Observers in the White House and elsewhere who are waiting for a real estate rebound to help bring the banks back may have to wait for years. Fannie Mae revealed in its latest financial statements that it has been selling foreclosed homes at a rate of more than 500 per day, yet its inventory keeps rising. The inventory should easily reach 200,000 by the end of the year and 300,000 at some point early next year. That’s more houses than people own in Washington, DC. And that’s just Fannie Mae.

Nor will this problem, known in banking as REO (real estate owned), improve immediately when the job market improves. In a historically normal job market, the rate of workers moving to new jobs would be 5 to 10 times what it is now, and many of these workers will be moving out of houses with underwater mortgages, where they owe more than the house is worth. If those houses cannot immediately be sold, the banks will end up stuck with them, and though the losses may be smaller, that could end up being a larger number of houses than the banks are dealing with now.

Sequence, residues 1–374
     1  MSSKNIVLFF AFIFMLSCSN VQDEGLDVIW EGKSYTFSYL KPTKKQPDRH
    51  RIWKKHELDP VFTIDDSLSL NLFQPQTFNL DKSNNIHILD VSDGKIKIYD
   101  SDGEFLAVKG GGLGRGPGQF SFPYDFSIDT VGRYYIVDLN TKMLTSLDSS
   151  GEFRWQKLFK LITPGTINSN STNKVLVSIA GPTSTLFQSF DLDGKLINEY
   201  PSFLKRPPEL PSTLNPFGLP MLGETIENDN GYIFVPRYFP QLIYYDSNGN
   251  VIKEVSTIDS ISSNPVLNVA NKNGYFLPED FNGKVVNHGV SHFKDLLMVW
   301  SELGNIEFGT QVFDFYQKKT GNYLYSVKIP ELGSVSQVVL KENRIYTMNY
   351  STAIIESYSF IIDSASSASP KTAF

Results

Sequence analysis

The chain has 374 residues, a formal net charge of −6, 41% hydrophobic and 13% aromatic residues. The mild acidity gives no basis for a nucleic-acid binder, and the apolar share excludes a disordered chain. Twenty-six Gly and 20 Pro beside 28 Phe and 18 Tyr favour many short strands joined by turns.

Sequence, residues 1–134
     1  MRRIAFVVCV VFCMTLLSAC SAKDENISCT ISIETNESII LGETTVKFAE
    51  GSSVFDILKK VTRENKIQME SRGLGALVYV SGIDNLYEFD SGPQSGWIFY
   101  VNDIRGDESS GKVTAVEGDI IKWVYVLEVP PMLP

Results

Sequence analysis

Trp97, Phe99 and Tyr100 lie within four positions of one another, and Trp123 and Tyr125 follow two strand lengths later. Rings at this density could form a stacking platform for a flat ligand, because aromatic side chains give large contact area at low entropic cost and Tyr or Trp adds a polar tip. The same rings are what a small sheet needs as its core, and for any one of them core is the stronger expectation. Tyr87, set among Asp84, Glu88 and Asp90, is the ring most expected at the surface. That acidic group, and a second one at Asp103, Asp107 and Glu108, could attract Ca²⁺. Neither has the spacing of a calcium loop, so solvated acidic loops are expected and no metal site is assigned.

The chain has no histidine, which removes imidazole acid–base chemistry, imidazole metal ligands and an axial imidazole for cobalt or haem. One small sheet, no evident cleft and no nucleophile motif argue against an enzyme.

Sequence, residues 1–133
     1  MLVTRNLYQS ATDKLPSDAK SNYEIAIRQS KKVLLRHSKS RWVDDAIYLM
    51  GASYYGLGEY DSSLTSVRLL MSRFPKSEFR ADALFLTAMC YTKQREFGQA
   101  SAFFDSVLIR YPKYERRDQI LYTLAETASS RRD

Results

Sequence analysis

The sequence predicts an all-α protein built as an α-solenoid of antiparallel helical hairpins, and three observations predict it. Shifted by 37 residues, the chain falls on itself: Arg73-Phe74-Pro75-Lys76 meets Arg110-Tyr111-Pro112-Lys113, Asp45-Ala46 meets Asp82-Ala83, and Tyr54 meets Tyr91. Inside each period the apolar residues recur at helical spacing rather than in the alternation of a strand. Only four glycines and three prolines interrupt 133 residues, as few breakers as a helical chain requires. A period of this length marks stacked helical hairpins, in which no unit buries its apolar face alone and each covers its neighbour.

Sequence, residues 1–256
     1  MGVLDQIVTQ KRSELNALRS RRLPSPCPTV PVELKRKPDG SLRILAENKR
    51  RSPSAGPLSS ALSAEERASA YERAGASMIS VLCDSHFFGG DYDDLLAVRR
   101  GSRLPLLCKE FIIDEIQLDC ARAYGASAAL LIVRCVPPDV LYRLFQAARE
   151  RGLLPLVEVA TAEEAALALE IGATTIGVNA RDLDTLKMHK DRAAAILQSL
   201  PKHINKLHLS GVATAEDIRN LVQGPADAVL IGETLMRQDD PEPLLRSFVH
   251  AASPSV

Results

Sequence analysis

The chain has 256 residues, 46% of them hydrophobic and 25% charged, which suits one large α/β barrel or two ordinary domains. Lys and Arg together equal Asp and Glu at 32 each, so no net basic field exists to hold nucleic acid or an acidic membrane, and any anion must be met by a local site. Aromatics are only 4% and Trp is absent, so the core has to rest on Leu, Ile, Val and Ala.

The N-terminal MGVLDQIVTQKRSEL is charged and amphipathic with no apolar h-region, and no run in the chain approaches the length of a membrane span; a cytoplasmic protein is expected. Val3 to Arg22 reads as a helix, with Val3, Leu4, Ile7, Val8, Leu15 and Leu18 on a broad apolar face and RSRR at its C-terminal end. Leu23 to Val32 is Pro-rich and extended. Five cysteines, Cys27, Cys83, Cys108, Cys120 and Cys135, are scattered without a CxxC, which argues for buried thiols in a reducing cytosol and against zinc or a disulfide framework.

You might imagine that many of these workers moving out of the underwater homes will buy other homes in the cities they move to, but in most cases, they won‘t be able to. New mortgage market rules this month will effectively prohibit anyone whose mortgage failed from taking out a new mortgage for a period of about 7 years. Based on that rule, at least 20 percent of current homeowners will be turned into renters before this is all over.

With banks selling homes as fast as they can, and with more than 20 percent of current homeowners prevented from buying a house the next time they move, it will be impossible for housing prices to remain at their current levels. For banks, this assures that losses will continue.